See More

First Known Use of change

Verb

13th century, in the meaning defined at transitive sense 2

Noun

13th century, in the meaning defined at sense 1

History and Etymology for change

Verb and Noun

Middle English, from Anglo-French changer, from Latin cambiare to exchange, probably of Celtic origin; akin to Old Irish camm crooked

Keep scrolling for more

Learn More about change

Time Traveler for change

Time Traveler

The first known use of change was in the 13th century

See more words from the same century

Statistics for change

Last Updated

2 Apr 2021

Cite this Entry

“Change.” Merriam-Webster.com Dictionary, Merriam-Webster, https://www.merriam-webster.com/dictionary/change. Accessed 12 Apr. 2021.

Style: MLA
MLACheck Mark Icon ChicagoCheck Mark Icon APACheck Mark Icon Merriam-WebsterCheck Mark Icon

Keep scrolling for more

More Definitions for change

change

verb

English Language Learners Definition of change

 (Entry 1 of 2)

: to become different
: to make (someone or something) different
: to become something else

change

noun

English Language Learners Definition of change (Entry 2 of 2)

: the act of becoming different or of causing someone or something to become different
: the act of replacing one thing with another
: the act of moving from one plane, train, etc., to another in order to continue a journey

change

verb
\ ˈchānj How to pronounce change (audio) \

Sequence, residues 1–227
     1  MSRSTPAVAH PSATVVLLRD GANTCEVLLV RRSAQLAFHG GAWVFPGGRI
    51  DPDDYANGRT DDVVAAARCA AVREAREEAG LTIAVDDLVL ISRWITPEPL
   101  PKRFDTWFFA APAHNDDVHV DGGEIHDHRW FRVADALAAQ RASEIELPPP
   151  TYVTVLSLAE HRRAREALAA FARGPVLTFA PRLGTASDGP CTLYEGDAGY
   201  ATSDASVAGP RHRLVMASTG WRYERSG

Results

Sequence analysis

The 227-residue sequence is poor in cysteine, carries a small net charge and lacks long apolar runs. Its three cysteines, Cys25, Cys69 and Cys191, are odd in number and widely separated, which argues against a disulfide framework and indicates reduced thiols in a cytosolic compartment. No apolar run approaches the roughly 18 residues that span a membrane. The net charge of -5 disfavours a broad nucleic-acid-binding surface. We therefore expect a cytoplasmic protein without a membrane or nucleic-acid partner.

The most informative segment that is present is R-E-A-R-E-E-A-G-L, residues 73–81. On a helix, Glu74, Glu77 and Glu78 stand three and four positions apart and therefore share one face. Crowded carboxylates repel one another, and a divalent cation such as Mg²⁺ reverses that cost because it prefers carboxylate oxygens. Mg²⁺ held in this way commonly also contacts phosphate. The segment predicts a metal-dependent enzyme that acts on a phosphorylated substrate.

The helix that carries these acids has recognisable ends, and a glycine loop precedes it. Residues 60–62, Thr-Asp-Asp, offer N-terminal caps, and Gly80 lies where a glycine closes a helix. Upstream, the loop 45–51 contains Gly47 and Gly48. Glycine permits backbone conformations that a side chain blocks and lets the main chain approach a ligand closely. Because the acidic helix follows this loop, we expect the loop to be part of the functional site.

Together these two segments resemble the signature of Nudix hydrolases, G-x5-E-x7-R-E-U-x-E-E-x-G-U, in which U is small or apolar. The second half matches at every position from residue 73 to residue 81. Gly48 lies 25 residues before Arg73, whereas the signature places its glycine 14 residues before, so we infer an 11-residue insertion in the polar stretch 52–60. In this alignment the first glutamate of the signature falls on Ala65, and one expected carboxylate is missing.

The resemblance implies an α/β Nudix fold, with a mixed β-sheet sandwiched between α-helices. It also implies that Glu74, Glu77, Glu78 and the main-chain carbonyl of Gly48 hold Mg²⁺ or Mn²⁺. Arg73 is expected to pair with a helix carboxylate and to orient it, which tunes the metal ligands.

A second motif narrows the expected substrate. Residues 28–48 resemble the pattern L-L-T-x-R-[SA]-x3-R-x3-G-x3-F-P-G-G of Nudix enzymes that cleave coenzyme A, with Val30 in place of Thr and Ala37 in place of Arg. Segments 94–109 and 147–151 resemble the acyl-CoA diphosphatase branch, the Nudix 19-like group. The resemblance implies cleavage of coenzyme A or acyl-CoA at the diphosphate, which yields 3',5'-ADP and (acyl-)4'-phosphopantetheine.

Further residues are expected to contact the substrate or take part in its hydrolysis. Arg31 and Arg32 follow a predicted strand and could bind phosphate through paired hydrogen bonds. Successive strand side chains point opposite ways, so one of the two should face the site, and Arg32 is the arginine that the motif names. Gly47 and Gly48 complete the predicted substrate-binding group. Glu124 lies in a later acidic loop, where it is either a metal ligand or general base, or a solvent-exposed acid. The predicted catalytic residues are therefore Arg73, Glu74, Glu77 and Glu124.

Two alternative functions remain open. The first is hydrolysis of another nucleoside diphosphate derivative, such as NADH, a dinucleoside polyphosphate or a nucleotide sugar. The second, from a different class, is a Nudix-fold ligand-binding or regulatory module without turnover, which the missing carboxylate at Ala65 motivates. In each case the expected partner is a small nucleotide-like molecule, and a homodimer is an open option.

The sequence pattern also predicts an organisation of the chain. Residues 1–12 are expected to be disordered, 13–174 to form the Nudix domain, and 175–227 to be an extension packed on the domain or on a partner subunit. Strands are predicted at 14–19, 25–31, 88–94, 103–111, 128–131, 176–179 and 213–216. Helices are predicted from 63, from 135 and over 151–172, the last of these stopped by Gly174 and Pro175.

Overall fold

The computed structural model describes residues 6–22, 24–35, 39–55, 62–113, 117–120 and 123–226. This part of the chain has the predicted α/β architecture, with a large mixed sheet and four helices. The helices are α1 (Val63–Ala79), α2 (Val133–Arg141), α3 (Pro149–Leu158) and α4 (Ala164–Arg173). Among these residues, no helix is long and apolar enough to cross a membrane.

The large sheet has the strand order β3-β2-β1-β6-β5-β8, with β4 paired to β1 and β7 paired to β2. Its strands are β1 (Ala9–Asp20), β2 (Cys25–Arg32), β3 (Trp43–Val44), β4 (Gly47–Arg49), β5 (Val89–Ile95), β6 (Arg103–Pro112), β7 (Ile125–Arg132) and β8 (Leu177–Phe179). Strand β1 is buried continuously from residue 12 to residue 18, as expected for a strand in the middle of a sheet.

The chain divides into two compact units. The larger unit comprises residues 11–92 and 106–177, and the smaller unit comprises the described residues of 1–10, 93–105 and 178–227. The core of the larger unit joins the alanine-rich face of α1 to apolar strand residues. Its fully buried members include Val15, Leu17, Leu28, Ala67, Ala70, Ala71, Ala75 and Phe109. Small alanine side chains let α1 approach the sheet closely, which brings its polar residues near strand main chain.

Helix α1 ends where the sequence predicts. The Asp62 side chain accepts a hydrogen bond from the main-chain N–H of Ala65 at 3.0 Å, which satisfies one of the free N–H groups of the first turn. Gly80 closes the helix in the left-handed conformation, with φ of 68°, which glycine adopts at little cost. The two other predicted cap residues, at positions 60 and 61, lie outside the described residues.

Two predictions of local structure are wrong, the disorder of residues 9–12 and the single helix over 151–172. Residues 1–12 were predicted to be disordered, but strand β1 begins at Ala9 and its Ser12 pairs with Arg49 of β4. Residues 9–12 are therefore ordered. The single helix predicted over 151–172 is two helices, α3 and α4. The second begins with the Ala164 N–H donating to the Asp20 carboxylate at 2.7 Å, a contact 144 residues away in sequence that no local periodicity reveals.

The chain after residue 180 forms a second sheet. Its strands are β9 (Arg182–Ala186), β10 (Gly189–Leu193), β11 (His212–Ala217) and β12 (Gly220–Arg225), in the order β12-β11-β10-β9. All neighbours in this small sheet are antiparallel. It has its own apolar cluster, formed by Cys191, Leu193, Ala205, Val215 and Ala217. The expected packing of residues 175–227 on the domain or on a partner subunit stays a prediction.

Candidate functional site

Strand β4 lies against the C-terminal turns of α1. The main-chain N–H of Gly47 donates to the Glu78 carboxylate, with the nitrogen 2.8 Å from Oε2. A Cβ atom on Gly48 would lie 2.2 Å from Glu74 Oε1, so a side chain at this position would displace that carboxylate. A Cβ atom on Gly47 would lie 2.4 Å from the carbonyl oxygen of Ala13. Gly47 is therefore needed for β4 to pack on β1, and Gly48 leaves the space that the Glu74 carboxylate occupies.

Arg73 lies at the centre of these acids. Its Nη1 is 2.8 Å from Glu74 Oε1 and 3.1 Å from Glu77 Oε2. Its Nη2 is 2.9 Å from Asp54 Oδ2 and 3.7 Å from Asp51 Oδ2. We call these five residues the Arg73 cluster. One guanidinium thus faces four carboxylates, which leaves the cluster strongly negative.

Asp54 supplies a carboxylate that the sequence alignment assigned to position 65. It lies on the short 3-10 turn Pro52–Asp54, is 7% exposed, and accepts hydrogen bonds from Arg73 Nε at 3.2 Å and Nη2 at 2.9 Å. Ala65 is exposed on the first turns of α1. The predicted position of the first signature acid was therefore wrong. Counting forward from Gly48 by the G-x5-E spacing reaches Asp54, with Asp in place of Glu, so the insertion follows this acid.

changed; changing

Kids Definition of change

 (Entry 1 of 2)

1 : to make or become different changing autumn leaves I like how you've changed this room.
2 : to give a different position, course, or direction to I changed my plans.
3 : to put one thing in the place of another : switch Our teacher made us change places.
4 : to give or receive an equal amount of money in usually smaller units of value or in the money of another country Can you change a ten-dollar bill?
5 : to put fresh clothes or covering on change a bed
6 : to put on different clothes We always change for dinner.
change hands
: to pass from one person's possession or ownership to another's The restaurant has changed hands.

change

noun

Kids Definition of change (Entry 2 of 2)

1 : the act, process, or result of making or becoming different There's been a change in plans. a change of seasons
2 : something that is different from what is usual or expected The trip was a welcome change from our routine.
3 : a fresh set of clothes Pack several changes for your vacation.
4 : money in small units of value received in exchange for an equal amount in larger units Do you have change for a ten-dollar bill?
5 : money returned when a payment is more than the amount due Don't forget your change.
6 : money in coins I have two dollars in change.

Choose the Right Synonym for change

Verb

change, alter, and vary mean to make or become different. change may be used for making such a difference in a thing that it becomes something else. They've changed the house into a restaurant. Change may also be used for substituting one thing for another. We changed our seats for better ones. alter is used for making a small difference in something. He altered the picture by adding color. vary is used for making a difference in order to break away from a routine. The boss varied our tasks.

Keep scrolling for more

Comments on change

What made you want to look up change? Please tell us where you read or heard it (including the quote, if possible).

WORD OF THE DAY

Test Your Vocabulary

The Exceptions Quiz III

  • one green toy robot amidst many red toy robots
  • Which of these words does not mean "nonsense"?
Name That Thing

Test your visual vocabulary with our 10-question challenge!

TAKE THE QUIZ
Typeshift

Anagram puzzles meet word search.

TAKE THE QUIZ
Love words? Need even more definitions?

Subscribe to America's largest dictionary and get thousands more definitions and advanced search—ad free!